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Chapter 12

Mahabharata English - STRI PARVA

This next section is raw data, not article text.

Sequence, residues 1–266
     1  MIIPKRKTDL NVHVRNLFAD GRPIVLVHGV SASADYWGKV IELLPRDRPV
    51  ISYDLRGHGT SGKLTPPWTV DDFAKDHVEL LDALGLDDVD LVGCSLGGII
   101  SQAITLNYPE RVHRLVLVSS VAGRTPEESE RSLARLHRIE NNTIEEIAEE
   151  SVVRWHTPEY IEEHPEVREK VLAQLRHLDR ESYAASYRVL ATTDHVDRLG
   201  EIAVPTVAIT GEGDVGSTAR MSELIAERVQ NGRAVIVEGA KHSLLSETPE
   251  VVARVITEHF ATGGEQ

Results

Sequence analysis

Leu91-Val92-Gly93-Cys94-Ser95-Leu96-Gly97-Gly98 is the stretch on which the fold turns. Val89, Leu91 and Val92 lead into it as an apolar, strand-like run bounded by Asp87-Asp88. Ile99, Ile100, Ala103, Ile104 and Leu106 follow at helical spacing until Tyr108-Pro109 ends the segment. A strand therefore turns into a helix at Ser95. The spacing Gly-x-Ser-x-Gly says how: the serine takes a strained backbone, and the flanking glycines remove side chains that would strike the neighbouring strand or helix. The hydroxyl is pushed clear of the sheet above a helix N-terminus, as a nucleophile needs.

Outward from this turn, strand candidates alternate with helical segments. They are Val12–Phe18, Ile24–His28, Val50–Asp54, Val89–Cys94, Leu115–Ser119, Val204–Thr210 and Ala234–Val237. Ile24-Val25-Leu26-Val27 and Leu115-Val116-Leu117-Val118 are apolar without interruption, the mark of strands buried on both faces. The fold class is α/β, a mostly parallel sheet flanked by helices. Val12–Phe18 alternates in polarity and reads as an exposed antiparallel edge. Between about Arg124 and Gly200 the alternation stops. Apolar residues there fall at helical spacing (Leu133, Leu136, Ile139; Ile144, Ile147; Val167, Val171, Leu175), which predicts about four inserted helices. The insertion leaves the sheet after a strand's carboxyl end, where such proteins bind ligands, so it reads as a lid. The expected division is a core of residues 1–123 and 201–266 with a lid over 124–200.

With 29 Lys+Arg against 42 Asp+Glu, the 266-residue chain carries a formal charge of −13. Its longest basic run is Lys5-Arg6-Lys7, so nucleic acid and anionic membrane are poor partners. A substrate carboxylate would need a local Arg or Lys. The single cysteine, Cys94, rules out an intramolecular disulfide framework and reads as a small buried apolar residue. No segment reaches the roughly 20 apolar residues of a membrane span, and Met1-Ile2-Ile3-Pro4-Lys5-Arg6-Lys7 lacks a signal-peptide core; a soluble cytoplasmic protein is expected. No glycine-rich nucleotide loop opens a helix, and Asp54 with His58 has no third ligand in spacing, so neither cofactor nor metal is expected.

Vaishampayana said, “After all the warriors had been slaughtered, kingYudhishthira the just heard that his uncle Dhritarashtra had set out fromthe city called after the elephant. Afflicted with grief on account ofthe death of his sons, Yudhishthira, O king, accompanied by his brothers,set out for meeting his uncle, filled with sorrow and overwhelmed withgrief for the slaughter of his (hundred) sons. The son of Kunti wasfollowed by the high-souled and heroic Krishna of Dasharhas race, and byYuyudhana, as also by Yuyutsu. The princess Draupadi also, burning withgrief, and accompanied by those Pancala ladies that were with her,sorrowfully followed her lord. Yudhishthira beheld near the banks of theGanga, O king, the crowd of Bharata ladies afflicted with woe and cryinglike a flight of she-ospreys. The king was soon surrounded by thosethousands of ladies who, with arms raised aloft in grief, were indulgingin loud lamentations and giving expression to all kinds of words,agreeable and disagreeable: Where, indeed, is that righteousness of theking, where is truth and compassion, since he has slain sires andbrothers and preceptors and sons and friends? How, O mighty-armed one,hath thy heart become tranquil after causing Drona, and thy grandsireBhishma, and Jayadratha, to be slaughtered? What need hast thou ofsovereignty, after having seen thy sires and brothers, O Bharata, and theirresistible Abhimanyu and the sons of Draupadi, thus slaughtered?Passing over those ladies crying like a flight of she-ospreys, themighty-armed king Yudhishthira the just saluted the feet of his eldestuncle. Having saluted their sire according to custom, those slayers offoes, the Pandavas, announced themselves to him, each uttering his ownname. Dhritarashtra, exceedingly afflicted with grief on account of theslaughter of his sons, then reluctantly embraced the eldest son of Pandu,who was the cause of that slaughter. Having embraced Yudhishthira thejust and spoken a few words of comfort to him, O Bharata, thewicked-souled Dhritarashtra sought for Bhima, like a blazing fire readyto burn everything that would approach it. Indeed, that fire of hiswrath, fanned by the wind of his grief, seemed then to be ready toconsume the Bhima-forest. Ascertaining the evil intentions cherished byhim towards Bhima, Krishna, dragging away the real Bhima, presented aniron statue of the second son of Pandu to the old king. Possessed ofgreat intelligence, Krishna had, at the very outset, understood theintentions of Dhritarashtra, and had, therefore, kept such a contrivanceready for baffling them. Seizing with his two arms that iron Bhima, kingDhritarashtra, possessed of great strength, broke into pieces, thinkingit to be Bhima himself in flesh and blood. Endued with might equal tothat of 10,000 elephants, the king reduced that statue into fragments.His own breast, however, became considerably bruised and he began tovomit blood. Covered with blood, the king fell down on the ground like aparijata tree topped with its flowery burden. His learned charioteerSanjaya, the son of Gavalgana, raised the monarch and soothing andcomforting him, said, Do not act so. The king then, having cast off hiswrath and returned to his normal disposition, became filled with griefand began to weep aloud, saying, Alas, oh Bhima, alas, oh Bhima!Understanding that he was no longer under the influence of wrath, andthat he was truly sorry for having (as he believed) killed Bhima,Vasudeva, that foremost of men, said these words, Do not grieve, ODhritarashtra, for thou hast not slain Bhimasena! That is an iron statue,O king, which has been broken by thee! Understanding that thou wertfilled with rage, O bull of Bharatas race, I dragged the son of Kuntiaway from within the jaws of Death. O tiger among kings, there is noneequal to thee in strength of body. What man is there, O mighty-armed one,that would endure pressure of thy arms? Indeed, as no one can escape withlife from an encounter with the Destroyer himself, even so no body cancome out safe from within thy embrace. It was for this that yonder ironstatue of Bhima, which had been caused to be made by thy son, had beenkept ready for thee. Through grief for the death of thy sons, thy mindhas fallen off from righteousness. It is for this, O great king, thatthou seekest to slay Bhimasena. The slaughter of Bhima, however, O king,would do thee no good. Thy sons, O monarch, would not be revived by it.Therefore, do thou approve of what has been by us with a view to securepeace and do not set thy heart on grief!”

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